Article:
WASHINGTON (AP) — Amazon.com Inc. spent $450,000 in the third quarter lobbying the federal government on issues including online sales tax rules and data protection and privacy, according to a quarterly disclosure form.
This is the same amount the Seattle-based online retailer spent in the second quarter and less than the $480,000 that it spent during the third quarter of 2010.
Amazon’s lobbying activities related to online sales tax focused on the Main Street Fairness Act. The rule is one of two currently being pushed by several senators that could allow states to require Internet companies to collect sales taxes even if they don’t have a physical presence in a state.
Consumers are generally required to self-report taxes on items bought online from out-of-state companies, but they rarely do, and the amount of uncollected sales taxes is thought to be in the billions.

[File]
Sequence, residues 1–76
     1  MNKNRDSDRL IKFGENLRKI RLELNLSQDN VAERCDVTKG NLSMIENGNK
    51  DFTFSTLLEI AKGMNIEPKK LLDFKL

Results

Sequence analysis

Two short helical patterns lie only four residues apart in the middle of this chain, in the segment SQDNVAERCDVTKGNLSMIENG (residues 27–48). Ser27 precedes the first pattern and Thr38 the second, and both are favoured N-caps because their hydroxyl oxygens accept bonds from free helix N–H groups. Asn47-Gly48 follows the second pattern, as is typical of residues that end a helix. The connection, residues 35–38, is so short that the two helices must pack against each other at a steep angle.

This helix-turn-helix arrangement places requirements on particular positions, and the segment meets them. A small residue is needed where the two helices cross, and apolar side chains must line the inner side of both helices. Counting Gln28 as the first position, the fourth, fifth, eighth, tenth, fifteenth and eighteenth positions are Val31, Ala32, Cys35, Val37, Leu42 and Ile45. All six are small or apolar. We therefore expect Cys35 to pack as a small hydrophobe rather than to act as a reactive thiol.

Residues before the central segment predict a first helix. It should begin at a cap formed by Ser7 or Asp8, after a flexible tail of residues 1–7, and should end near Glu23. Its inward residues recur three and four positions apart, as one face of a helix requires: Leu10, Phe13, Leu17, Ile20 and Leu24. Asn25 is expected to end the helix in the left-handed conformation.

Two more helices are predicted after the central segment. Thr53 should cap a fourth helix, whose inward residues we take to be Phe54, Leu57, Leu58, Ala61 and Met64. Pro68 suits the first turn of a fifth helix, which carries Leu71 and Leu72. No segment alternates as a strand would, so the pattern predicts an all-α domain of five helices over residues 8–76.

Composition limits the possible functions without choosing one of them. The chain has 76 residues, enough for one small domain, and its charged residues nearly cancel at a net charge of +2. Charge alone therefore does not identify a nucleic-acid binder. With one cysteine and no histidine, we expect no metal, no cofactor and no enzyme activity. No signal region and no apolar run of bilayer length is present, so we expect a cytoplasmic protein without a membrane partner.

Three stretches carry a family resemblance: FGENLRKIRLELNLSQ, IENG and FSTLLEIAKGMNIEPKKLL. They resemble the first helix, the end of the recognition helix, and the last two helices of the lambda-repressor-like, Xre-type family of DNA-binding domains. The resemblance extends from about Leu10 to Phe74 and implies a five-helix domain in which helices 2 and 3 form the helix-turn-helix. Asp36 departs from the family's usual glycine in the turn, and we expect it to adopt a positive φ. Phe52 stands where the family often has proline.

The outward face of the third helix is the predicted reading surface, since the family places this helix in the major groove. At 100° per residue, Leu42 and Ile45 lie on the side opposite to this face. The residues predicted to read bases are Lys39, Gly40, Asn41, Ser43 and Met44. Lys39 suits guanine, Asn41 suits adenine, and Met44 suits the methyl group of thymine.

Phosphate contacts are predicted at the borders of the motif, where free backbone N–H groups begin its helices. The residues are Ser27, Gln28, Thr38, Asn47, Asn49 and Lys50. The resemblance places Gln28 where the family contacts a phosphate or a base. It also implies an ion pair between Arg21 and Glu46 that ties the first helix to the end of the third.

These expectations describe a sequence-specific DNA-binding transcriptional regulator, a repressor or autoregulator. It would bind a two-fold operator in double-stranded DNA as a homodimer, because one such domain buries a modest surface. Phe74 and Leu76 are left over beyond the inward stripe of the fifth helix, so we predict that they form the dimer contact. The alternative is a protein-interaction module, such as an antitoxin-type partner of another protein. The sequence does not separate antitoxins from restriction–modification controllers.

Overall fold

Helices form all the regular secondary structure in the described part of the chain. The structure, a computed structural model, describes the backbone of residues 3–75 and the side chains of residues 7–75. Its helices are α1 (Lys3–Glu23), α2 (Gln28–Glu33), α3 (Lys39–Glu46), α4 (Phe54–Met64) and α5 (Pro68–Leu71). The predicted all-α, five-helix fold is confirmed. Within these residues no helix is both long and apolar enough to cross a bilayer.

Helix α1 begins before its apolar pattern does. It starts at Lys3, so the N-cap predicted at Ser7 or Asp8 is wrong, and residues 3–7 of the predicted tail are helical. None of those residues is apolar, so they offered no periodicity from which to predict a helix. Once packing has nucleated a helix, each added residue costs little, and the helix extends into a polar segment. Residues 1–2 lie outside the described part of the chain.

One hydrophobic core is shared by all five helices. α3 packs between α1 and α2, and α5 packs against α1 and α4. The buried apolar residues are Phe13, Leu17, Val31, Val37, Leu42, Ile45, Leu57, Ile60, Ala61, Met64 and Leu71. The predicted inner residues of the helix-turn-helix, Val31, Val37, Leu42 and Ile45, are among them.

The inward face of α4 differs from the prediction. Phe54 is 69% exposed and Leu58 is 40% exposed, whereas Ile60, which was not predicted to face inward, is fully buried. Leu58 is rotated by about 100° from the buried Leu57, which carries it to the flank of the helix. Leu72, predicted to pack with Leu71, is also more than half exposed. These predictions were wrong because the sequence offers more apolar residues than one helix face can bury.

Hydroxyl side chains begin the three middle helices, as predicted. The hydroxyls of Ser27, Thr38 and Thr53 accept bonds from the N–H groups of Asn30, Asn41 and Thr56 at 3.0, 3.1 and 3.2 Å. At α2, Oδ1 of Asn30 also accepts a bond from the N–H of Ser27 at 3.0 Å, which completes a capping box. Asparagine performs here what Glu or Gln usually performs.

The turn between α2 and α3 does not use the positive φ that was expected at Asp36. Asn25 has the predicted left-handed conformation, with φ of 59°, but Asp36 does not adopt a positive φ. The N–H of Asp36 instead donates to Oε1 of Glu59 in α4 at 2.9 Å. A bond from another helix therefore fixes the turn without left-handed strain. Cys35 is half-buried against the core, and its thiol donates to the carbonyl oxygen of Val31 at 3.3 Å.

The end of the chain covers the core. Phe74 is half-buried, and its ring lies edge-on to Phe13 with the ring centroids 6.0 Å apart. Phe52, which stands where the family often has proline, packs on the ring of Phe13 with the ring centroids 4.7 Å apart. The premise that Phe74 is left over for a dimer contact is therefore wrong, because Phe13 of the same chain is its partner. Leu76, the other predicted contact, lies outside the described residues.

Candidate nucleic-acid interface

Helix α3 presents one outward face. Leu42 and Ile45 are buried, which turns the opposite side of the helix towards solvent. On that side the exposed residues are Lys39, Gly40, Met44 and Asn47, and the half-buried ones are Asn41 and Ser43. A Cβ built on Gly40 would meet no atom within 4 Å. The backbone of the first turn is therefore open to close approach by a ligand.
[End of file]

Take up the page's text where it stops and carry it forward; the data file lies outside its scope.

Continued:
The potential legislation comes as growing number of states have already passed laws to compel online retailers to collect taxes on in-state sales just as traditional bricks-and-mortar retailers already do. Online retailers have largely resisted being deputized as tax collectors, citing a 1992 Supreme Court decision that says they must only collect sales taxes in states where they have a physical presence such as an office or a store. That same decision also said that Congress could lift the ban, which is what the backers of the national legislation hope to accomplish.
Amazon also lobbied on online security issues, as well as the “network neutrality” rules adopted by a divided Federal Communications Commission late last year. Those rules prohibit phone and cable companies from interfering with Internet traffic flowing over their broadband networks.
Amazon Corporate LLC focused its lobbying efforts on Congress, the Federal Communications Commission and the Federal Reserve during the quarter, according to the disclosure report filed with the House Clerk and Senate Secretary on Oct. 20.